Bulgaria embarrassed by its firearm problem as it enters NATO France_Presse - 2004/4/7
Bulgaria, a new NATO member, is flooded with cheap small firearms that have accumulated since the fall of communism and are fuelling the country's crime wave, according to a study released here this week.
A Kalashnikov assault rifle sells for only 120 dollars on the black market and you can buy a Makarov pistol for 130 dollars from a certified dealer, the British NGO Safeworld and Bulgaria's Centre for Studies on Democracy have found.

Both weapons are Russian designed but have long been produced in Bulgaria, which exported 900 million dollars (750 million euros) of weapons annually to the Soviet Union and developing countries during the communist era.

But the old East bloc states today prefer weapons that are used by NATO and a number of former clients in the Third World are under international arms embargoes.

The study showed that the number of people employed by Bulgaria's arms industry has dropped from 115,000 in 1989 to 25,000 in 2003, and in the regions where the economy relies on the industry unemployment tripled between 1995 and 2001.

The head of the Bulgarian government's unit against organised crime, general Roumen Milanov, said some of those who were laid off by the arms industry were now involved in a roaring trade in stolen firearms.

Matters have been made worse by the restructuring of the army in preparation for NATO membership in which the government cut the number of soldiers from 95,000 to 45,000.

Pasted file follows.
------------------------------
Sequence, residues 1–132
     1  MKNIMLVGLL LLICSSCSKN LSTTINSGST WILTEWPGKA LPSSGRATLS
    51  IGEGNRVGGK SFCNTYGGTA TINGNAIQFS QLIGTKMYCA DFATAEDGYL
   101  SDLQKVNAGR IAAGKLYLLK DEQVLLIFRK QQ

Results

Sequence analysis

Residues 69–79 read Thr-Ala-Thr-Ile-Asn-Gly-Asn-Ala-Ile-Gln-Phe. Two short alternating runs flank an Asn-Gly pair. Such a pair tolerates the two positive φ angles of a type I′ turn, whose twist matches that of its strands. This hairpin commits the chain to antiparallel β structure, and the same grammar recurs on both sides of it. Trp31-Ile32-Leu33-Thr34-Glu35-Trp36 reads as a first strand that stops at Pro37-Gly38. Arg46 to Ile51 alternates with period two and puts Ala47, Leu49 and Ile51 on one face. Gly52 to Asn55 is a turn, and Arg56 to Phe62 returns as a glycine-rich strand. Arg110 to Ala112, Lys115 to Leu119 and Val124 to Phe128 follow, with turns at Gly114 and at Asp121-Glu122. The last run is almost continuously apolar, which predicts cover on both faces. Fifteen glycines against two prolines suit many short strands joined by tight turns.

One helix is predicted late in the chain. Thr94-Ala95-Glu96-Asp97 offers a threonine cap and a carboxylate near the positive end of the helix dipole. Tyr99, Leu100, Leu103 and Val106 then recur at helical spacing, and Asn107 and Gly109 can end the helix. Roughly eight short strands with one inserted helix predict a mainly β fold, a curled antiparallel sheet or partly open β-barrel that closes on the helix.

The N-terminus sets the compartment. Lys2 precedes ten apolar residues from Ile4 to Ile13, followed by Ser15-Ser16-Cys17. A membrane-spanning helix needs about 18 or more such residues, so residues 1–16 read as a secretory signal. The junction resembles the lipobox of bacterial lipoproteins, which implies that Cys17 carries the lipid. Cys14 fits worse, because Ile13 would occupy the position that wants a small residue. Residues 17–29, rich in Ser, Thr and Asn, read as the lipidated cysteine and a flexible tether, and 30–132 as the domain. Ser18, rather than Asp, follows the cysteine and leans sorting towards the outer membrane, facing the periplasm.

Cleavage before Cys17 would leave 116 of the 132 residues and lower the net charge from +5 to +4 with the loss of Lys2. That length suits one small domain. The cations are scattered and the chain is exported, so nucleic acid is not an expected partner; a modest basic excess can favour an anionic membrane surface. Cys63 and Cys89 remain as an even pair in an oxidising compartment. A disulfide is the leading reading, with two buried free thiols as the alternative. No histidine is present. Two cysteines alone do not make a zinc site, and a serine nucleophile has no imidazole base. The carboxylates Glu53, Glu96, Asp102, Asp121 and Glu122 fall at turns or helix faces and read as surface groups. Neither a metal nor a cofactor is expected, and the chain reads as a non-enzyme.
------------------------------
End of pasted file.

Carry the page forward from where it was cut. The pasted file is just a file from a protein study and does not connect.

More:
The study said since there were fewer soldiers, roughly 300,000 military weapons are no longer in use and some of these have found their way into the hands of some 300 local criminal gangs.

Another 300,000 of the weapons registered in Bulgaria are privately owned, belonging to hunters, security companies and people who could prove that they need a firearm for self-defence.

The number of firearms in circulation contributed to Bulgaria's high crime rate, according to the study.

Police have said that the retribution killings that are a prominent feature of Bulgaria's underworld are increasingly being carried out with Russian-made gas pistols for which no firearm licence is needed but which have been customised to be deadly.

These handguns are being smuggled out of Bulgaria and sold in Greece, Turkey, strife-torn Macedonia and Spain, Milanov said.

The Centre for Studies on Democracy's Tikhomir Bezlov said the illicit arms trade was thriving because of the lack of sophisticated controls at Bulgaria's harbours and at Sofia's international airport.

Between January 2002 and August 2003 customs officials recorded 23 cases of small arms trafficking but the country has not seen a single charge of selling arms to trouble spots since tightening export controls two years ago, Deputy Interior Minister Roumen Stoilov said.

In 2000, a UN commission fingered Bulgaria as the main supplier of arms to the Angolan rebel movement UNITA, which was under an international arms embargo.

In October 2002, just before Sofia was invited to join NATO, the Bulgarian manufacturer Terem stood accused of exporting engine parts that could be used in tractors but also in tanks to Syria, which is considered a "sensitive" destination by the United States.

The United States has since 2001 financed the destruction of 96,000 small firearms and 6,700 units of ammunition by the Bulgarian state.

A United Nations programme helped the country to get rid of 4,500 firearms, 750,000 cartridges and 4,000 bullets.

But the study concluded that large stockpiles of weapons were still being held by the cash-strapped state, which has not disclosed the amount of weapons it needs to destroy.







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